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Eyes on the Prize
The Story of the Movement — 26 Events

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The Attica Prison Riot

1971

"The whole criminal justice system... is very much intertwined with the economic oppression of black people."
—Angela Davis, professor and prisoners' rights activist

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As the 1970s dawn, a disproportionate number of blacks and Latinos from poor, urban neighborhoods are in prison. Activists like Amiri Baraka and Angela Davis, see prisoners as potential supporters of revolutionary change. When George Jackson, a California inmate well known for his letters from prison, is killed by San Quentin guards, the news is deeply disconcerting to other black prisoners across the nation.

At Attica Correctional Facility in New York, inmates live under poor conditions. A fight sparks an uprising in which 1200 inmates take over the prison. Holding 39 hostages, the prisoners, including leader Frank "Big Black" Smith, demand improved conditions including less mail censorship, better sanitary conditions, the hiring of more minority guards, and a promise of amnesty to end the impasse. Governor Nelson Rockefeller refuses to consider amnesty and after five days sends state troopers to retake the prison. In the bloody melee, 29 inmates and 10 hostages are killed, all by bullets from police weapons. Prisoners are stripped, tortured, and humiliated. Nearly 30 years later, the prisoners will win a class-action lawsuit against the state for their mistreatment.

Context

Other Events: 1971

National Public Radio makes its first broadcast, covering U.S. Senate hearings on the Vietnam War.

Congress passes and the states ratify the 26th Amendment to the U.S. Constitution, lowering the voting age to 18.

Gloria Steinem launches Ms. magazine.

"Brian's Song," a TV movie starring James Caan and Billy Dee Williams, portrays the real-life friendship between white and black football teammates Brian Piccolo and Gale Sayers.

The New York Times publishes The Pentagon Papers, a secret history of the United States in Indochina.

A group of military veterans, Vietnam Veterans Against the War, stages a protest at the Capitol. One of the group's leaders, future politician and presidential candidate John Kerry, testifies before Congress.

David Vetter is born in Houston without a functioning immune system. Doctors will keep the boy alive, separated from the rest of the world in a plastic bubble, for twelve and a half years.

"Shaft," about a proud black police detective, is a hit at the movies and on the radio, inspiring dozens of imitators in the "Blaxploitation" genre.

Press

The Atlanta Constitution, September 14, 1971

Editorial: Attica and Truth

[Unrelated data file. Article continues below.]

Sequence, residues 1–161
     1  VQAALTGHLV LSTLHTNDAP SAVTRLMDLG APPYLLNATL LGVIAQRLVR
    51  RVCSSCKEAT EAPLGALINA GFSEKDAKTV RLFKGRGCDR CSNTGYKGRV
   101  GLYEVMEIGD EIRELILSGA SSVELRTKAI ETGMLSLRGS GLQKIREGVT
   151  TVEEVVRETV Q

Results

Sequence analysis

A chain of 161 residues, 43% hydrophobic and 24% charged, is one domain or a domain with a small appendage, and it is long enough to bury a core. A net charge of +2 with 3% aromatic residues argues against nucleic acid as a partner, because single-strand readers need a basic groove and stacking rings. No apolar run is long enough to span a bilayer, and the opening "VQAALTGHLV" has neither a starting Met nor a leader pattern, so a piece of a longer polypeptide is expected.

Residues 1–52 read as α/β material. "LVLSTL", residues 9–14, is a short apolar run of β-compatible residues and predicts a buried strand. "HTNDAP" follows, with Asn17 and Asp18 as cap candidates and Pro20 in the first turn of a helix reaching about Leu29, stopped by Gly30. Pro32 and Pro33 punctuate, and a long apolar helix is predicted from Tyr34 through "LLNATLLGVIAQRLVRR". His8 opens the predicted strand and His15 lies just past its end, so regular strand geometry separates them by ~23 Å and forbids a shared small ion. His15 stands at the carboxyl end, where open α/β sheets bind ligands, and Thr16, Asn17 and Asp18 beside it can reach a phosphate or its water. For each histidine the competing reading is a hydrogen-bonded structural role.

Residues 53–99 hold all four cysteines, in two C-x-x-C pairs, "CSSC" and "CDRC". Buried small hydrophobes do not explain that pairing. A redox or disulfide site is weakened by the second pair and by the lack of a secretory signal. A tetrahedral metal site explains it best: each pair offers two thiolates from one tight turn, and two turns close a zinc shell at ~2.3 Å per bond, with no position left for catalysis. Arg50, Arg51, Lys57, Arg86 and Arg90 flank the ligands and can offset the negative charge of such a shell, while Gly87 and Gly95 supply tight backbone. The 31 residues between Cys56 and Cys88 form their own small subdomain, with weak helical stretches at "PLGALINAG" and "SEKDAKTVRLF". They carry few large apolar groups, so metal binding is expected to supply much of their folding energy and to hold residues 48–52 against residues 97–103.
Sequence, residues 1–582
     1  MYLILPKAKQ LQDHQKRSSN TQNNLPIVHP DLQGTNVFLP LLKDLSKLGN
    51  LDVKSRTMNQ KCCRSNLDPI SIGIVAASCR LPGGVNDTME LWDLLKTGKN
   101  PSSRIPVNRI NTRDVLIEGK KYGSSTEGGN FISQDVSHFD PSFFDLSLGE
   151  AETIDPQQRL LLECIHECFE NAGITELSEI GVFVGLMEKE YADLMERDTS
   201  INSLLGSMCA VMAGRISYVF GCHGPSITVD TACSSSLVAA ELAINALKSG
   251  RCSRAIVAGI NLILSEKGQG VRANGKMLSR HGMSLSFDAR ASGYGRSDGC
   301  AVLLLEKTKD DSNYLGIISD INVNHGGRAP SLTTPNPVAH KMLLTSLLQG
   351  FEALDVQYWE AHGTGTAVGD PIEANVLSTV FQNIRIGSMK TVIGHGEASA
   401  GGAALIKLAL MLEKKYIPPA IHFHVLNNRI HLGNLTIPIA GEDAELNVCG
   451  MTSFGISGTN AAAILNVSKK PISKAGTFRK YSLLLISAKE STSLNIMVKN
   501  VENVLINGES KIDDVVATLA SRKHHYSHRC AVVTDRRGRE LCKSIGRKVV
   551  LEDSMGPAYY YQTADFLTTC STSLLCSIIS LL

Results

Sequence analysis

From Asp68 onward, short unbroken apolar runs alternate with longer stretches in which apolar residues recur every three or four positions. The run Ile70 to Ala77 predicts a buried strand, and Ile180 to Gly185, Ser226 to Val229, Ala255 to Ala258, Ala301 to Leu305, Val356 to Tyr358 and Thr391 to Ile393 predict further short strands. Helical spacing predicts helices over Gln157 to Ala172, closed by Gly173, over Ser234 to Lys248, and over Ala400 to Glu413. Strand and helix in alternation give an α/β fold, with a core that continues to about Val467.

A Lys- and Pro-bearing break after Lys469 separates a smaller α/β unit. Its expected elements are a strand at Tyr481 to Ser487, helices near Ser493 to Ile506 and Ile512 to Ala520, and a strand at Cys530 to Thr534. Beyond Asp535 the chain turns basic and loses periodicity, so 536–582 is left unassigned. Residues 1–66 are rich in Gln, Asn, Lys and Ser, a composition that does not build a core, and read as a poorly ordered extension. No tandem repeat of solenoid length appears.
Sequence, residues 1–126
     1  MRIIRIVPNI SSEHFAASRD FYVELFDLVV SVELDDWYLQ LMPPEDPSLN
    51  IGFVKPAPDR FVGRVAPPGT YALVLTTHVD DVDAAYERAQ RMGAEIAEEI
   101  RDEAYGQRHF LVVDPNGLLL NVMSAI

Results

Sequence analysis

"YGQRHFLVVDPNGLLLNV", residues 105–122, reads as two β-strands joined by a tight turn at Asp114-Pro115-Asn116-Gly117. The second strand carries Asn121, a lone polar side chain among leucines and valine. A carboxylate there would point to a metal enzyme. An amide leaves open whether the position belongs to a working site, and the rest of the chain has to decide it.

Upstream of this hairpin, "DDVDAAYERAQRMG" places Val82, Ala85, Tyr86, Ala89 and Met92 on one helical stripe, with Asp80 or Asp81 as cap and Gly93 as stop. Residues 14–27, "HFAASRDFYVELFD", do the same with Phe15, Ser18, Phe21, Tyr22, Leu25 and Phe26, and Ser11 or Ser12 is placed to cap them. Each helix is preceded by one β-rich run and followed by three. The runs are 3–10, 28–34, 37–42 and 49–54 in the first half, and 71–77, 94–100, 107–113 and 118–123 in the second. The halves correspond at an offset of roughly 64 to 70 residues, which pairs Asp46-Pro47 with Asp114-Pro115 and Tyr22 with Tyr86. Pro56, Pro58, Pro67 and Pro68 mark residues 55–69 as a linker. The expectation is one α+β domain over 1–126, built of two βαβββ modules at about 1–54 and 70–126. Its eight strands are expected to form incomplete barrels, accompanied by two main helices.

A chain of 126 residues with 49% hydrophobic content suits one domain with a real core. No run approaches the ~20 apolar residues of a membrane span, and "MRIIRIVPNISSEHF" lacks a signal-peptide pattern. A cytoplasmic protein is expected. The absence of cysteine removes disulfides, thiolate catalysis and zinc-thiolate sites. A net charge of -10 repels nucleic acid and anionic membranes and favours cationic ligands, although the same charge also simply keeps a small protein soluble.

...The animals at Attica, who cold-bloodedly slit the throats of eight hostages, and those who stood by and allowed it, left the prison authorities little choice but to use troops.

They are outlaws in the truest sense of the word -- an abomination in the eyes of decent society and unable to accept the law's protection...

The Los Angeles Times, September 17, 1971

Letter to the Editor

The slaughter authorized and perpetrated at Attica Prison by New York state correctional officials was merely symptomatic of America's ever-increasing reliance on institutionalized violence as the sole means of dealing with any type of domestic (or foreign) disorder...

...That the lives of the hostages as well as the prisoners were in imminent danger if the prison was stormed was disregarded by New York officials in their zest to "restore law and order." Their rationalizing away the lives of 40-plus men with the retort "many others would have died if we hadn't acted" is analogous to the sardonic observation about "having to destroy the town in order to save it."

Bill Bell
Los Angeles

The New York Times, September 19, 1971

Letter to the Editor

Rampant permissiveness, long afflicting our society, easily penetrates penitentiary walls. So why all the dismayed utterances decrying the Attica affair? Surely it cannot be described as unexpected. After all, we on the outside (of the prison walls) have been subjected to far greater outrages in the last decade or so...

Robert J. Yamin
Danbury, Conn., Sept, 13, 1971

The Chicago Tribune, September 21, 1971

Letter to the Editor: Attica Riot

... The fact of the matter is that, faced with a riot of convicts with hostages and unacceptable demands, the prison authorities handled the matter as effectively as possible. My only regret is that the guards did not move in quickly enough, since procrastination under such circumstances can only serve to encourage the rioters in their delusions...

Richard J. Hackett
Libertyville

Video

The Attica Prison Riot
Duration: 7:28 min
Watch the Video

The first clips are of people gathered outside the prison during the hostage crisis.

Civil rights lawyer William Kunstler is then seen decrying Governor Nelson Rockefeller's refusal to come to the prison and predicting there will be a massacre if authorities move in.

The father of hostage Michael Smith is shown demanding action.

Finally is an after-the-fact interview with former inmate Frank Smith, describing the storming of the prison and how authorities shot and beat inmates, making them walk across broken glass and threatening their lives while hurling racial epithets.

Footage provided by BBC MOTION GALLERY and ©1999-2000 WGBH Educational Foundation.

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